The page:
One chilly winter morning in Melbourne’s CBD, a woman sits alone on the concrete footpath.
She gazes into the distance as people walk past, failing to acknowledge her presence.
The woman’s only possessions are a beanie with some coins and a box full of loom bands.
“I use my creativity to create loom bands and try to sell them to anyone who walks past”, Beck says.
“I ask interested people to pay what they think they are worth.”
Rebecca is a 25 year-old woman who is pregnant with her first child.
She has no form of identification nor does she receive any payment from Centrelink.
Rebecca has been left to support herself after ending an abusive relationship several months ago.
“I am glad that I made the choice to leave but it’s hard getting by day to day. I struggle to find a place to stay each night”, Rebecca says.
Recently, Melbourne was named the world’s most liveable city for the fourth consecutive year in a row.
This fact is difficult to comprehend when you see a young woman like this who has lost everything but her creativity.
In Melbourne, there are currently 11,000 people aged 12 to 25, who like Rebecca, live without any form of shelter or suitable accommodation.
There is the common misconception that all homeless youth live on the streets, when in reality it is only a small percentage of that population.
However, all homeless youth including Rebecca, lack a sense of security, stability and safety.
The majority of homeless youth (57%) drop out of school before completing year 10 and experience a life of long-term unemployment.
Homeless organisations provide dislocated youth with important services, on a daily basis.
Melbourne City Mission offers several services including Frontyard.
Frontyard provides an open, inviting space for young people who desperately require assistance.
In the reception area, employees huddle around the computers, assisting two young people who have walked through the door.
“A person in need of our services will consult with a social worker on site. The social worker will engage with them in a conversation about their circumstances, in order to establish a suitable service”, Community Engagement Manager of City Mission Steve Haylock says.
“We offer everything from medical and legal services to accommodation.”
Steve has been on a walk with a group of primary school students.
“I take primary and secondary school students on tours around the city. I show them the areas where homeless people sleep”, Mr Haylock says.
His work with Frontyard provides an educational yet confronting experience for these students.
“(The tour) is about providing students with a sense of perspective, to put them in the shoes of someone who is homeless. The students are gob smacked when they see what is happening.”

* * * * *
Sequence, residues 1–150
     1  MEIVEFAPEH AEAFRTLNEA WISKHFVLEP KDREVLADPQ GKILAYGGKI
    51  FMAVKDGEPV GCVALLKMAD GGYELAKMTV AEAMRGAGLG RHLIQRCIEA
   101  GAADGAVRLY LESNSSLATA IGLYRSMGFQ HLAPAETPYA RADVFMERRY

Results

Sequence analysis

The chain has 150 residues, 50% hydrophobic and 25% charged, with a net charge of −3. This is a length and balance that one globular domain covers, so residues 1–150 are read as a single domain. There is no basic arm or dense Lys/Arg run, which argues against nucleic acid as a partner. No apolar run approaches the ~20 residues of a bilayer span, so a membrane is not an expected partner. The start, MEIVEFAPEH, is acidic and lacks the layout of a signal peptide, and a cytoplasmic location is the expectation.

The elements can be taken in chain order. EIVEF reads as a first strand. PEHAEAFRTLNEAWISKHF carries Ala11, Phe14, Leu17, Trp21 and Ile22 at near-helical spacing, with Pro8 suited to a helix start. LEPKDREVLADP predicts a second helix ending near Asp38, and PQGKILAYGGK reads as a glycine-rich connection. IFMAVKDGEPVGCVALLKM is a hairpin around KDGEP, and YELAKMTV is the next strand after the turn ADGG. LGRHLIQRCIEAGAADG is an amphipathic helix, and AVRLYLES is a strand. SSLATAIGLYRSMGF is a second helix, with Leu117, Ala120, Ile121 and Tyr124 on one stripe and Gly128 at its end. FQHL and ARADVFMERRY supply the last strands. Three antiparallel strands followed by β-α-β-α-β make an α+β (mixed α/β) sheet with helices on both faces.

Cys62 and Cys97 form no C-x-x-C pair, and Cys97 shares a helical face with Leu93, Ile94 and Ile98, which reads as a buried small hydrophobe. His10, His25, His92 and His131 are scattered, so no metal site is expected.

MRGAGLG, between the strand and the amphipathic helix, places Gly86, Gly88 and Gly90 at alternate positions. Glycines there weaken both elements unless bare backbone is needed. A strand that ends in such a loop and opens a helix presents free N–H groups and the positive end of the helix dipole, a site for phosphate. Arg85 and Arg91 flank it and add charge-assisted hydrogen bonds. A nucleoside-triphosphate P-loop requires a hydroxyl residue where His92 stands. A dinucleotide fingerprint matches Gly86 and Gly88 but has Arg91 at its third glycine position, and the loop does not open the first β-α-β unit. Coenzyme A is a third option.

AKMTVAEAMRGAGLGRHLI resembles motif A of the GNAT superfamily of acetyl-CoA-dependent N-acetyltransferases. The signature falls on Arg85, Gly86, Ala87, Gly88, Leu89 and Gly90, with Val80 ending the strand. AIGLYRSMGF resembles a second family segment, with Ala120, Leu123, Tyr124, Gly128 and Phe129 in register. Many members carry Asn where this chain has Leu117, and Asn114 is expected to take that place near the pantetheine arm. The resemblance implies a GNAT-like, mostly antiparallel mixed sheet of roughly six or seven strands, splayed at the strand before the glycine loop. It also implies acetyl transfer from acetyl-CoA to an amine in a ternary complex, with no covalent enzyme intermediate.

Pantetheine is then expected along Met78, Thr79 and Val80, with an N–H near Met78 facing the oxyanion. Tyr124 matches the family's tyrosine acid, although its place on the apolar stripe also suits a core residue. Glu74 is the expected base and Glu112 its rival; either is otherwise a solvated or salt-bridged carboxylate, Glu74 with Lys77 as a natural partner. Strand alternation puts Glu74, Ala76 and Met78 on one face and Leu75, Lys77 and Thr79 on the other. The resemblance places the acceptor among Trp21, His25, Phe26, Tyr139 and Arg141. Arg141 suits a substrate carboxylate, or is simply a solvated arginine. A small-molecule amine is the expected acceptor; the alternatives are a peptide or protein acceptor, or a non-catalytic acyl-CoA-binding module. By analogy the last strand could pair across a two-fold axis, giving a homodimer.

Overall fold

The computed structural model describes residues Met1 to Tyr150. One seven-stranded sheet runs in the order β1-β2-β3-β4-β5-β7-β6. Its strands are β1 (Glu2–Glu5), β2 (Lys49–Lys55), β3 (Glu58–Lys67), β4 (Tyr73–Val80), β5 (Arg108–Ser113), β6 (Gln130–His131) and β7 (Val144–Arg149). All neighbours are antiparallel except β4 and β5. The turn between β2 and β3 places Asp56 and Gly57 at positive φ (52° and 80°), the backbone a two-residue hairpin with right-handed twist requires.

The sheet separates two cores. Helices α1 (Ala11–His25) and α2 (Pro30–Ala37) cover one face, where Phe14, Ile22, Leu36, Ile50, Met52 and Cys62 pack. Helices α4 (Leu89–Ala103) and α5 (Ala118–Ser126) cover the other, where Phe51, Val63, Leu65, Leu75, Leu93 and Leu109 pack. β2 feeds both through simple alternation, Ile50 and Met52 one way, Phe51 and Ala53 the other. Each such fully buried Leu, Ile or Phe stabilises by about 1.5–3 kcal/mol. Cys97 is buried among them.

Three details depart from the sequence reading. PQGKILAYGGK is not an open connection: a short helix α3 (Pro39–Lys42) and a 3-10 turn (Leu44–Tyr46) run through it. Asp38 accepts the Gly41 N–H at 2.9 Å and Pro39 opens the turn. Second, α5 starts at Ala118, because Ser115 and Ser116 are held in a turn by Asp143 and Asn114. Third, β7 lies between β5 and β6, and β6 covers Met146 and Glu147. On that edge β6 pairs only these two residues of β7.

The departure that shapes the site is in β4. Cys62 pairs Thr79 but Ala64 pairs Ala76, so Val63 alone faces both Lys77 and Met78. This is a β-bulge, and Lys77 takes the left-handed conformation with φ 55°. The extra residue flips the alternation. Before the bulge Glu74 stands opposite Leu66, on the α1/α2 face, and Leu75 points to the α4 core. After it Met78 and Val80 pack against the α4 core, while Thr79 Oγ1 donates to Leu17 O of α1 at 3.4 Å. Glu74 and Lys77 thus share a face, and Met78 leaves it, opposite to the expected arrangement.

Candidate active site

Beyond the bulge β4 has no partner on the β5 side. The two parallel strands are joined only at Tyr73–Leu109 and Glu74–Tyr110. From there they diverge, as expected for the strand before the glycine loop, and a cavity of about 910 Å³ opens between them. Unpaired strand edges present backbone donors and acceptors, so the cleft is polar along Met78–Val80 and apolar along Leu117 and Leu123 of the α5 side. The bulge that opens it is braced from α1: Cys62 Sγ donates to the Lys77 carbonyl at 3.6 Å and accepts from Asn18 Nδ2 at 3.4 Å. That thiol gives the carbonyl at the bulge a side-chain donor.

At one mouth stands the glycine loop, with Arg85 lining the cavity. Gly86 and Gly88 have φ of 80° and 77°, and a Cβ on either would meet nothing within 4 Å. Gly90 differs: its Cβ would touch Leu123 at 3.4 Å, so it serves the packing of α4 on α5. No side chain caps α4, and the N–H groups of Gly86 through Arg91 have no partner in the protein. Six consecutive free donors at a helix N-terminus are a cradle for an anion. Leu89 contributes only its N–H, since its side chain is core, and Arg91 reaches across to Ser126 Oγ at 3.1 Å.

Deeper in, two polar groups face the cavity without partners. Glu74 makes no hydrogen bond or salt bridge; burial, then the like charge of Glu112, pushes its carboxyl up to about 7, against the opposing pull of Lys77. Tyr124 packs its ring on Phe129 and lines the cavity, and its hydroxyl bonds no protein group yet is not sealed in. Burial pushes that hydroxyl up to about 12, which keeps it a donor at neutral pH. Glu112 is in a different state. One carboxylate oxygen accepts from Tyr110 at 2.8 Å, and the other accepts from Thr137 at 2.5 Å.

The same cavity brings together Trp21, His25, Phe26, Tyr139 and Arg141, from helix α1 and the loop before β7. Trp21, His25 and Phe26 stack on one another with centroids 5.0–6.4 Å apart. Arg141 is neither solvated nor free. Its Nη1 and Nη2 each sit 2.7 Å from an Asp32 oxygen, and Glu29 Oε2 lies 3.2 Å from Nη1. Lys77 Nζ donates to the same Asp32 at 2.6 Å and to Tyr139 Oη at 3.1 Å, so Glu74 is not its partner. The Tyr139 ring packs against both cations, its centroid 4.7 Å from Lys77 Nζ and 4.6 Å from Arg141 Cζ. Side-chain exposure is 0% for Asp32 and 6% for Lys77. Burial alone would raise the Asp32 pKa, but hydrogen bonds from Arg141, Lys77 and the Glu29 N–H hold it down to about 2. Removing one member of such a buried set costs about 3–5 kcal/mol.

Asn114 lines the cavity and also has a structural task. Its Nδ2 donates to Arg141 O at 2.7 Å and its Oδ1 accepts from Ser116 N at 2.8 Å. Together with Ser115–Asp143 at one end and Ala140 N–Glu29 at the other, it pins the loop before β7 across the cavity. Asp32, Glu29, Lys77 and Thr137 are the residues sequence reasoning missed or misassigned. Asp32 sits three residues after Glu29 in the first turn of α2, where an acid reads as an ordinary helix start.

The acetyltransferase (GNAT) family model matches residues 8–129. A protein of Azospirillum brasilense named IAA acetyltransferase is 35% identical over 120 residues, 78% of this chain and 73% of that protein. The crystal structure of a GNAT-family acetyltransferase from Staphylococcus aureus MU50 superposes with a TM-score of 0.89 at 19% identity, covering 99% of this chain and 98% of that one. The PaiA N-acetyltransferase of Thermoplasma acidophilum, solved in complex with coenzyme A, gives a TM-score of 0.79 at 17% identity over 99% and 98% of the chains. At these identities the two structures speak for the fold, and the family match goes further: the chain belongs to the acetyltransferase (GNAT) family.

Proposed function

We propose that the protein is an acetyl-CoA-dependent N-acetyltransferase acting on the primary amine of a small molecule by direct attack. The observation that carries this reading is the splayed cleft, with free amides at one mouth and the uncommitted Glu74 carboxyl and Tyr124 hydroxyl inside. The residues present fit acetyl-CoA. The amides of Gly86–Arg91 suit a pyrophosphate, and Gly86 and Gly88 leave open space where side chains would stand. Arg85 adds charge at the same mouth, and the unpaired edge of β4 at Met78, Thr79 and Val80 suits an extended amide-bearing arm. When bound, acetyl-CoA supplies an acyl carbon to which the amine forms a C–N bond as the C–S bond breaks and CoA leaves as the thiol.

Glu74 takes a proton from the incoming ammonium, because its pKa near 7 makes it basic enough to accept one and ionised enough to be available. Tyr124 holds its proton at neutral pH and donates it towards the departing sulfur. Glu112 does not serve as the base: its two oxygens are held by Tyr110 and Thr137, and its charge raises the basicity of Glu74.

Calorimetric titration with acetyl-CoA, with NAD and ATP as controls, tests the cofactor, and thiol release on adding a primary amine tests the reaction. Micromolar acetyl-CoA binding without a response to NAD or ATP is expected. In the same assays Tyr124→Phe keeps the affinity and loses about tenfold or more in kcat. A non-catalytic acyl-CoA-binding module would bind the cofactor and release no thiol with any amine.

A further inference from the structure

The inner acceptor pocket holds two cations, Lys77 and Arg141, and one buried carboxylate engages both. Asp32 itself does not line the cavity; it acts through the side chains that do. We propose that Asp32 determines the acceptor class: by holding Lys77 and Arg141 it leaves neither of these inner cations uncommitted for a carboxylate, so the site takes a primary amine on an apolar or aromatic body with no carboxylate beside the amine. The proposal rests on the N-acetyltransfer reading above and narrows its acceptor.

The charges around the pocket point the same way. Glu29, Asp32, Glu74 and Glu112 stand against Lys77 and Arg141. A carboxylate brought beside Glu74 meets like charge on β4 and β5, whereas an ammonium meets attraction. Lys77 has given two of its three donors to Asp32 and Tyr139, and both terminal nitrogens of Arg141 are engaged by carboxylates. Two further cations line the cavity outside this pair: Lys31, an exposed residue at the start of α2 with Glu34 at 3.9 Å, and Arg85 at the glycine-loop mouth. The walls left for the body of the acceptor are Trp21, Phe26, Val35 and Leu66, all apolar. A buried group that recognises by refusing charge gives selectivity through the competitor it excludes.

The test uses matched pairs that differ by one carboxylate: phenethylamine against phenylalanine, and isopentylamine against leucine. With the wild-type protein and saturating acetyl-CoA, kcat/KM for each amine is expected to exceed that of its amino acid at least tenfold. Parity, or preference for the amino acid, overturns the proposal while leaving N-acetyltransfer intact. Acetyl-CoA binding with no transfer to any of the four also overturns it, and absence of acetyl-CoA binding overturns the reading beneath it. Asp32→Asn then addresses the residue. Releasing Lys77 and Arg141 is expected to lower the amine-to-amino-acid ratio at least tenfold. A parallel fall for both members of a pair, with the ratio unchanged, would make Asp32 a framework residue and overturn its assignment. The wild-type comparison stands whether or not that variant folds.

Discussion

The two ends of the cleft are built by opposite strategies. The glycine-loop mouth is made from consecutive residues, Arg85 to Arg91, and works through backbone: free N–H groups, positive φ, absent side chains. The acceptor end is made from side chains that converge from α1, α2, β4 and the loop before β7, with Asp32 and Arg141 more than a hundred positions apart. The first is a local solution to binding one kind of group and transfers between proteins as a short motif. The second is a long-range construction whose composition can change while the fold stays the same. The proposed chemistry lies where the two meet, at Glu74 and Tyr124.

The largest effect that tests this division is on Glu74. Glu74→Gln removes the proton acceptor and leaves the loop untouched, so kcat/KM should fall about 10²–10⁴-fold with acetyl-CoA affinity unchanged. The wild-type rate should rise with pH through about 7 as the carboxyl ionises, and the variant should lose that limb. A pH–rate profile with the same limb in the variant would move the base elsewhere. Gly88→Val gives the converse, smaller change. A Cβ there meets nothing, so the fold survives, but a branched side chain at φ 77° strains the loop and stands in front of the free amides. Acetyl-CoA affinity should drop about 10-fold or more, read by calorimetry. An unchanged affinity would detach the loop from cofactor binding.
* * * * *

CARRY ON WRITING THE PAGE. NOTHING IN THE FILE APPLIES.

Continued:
Haylock believes that education is the key to addressing youth homelessness.
“It is important for young people to stay connected with the community, stay in school and not drop out.”
Frontyard is not the only organisation that aims to make a difference to the lives of young homeless people.
Below the fob watch clock in Melbourne Central is a café that is cooking up a storm.
“At STREAT we aim to teach disadvantaged kids basic working skills that are required to secure work within the hospitality industry”, Sophie Ryan says.
Sophie Ryan is STREATS Catering Manager and manages the organisation’s inner city cafes.
“I work with kids aged 16 to 25 who are disadvantaged or are at risk of experiencing homelessness. I am responsible for mentoring each young person that enters our programs.”
Since STREAT began in 2008, 120 young people have participated in the organisations intensive programs.
Last year alone, 85 young people completed a program with STREAT.
Melbourne City Mission and STREAT have made a profound difference to the lives of homeless youth.
Steve Haylock and Sophie Ryan say their organisations have experienced their fair share of success.
“The Melbourne City Mission Foyer program has had a large success rate. The program provides young people with a place to sleep and study. They are able to successfully stay off the streets and never come back”, Steve Haylock says.
“A couple of students completed the TAFE certificate II in hospitality, through STREAT. They went on to find work within the hospitality industry as chefs and live in their own accommodation”, Sophie Ryan says.
However, there is still a long way to go.
Steve Haylock says the general public needs to get involved, to help address the issue of youth homelessness.
“The public can donate to organisations that aim to make a difference like Frontyard. The public can also help with funding. We seek additional funding, in order to successfully complete our work.”
When asked about the future, homeless woman Rebecca hesitates.
She ponders momentarily before sharing her hope to establish a better life for herself and her unborn child.
“I hope to one day have a life that is not on the streets. I want my daughter to have a great life and have the opportunities that I never did.”
Maybe one day when she is no longer on the streets, Rebecca will walk past a homeless person, who like herself, is in desperate need of help.
Rebecca will stop to help them, without thinking twice about it.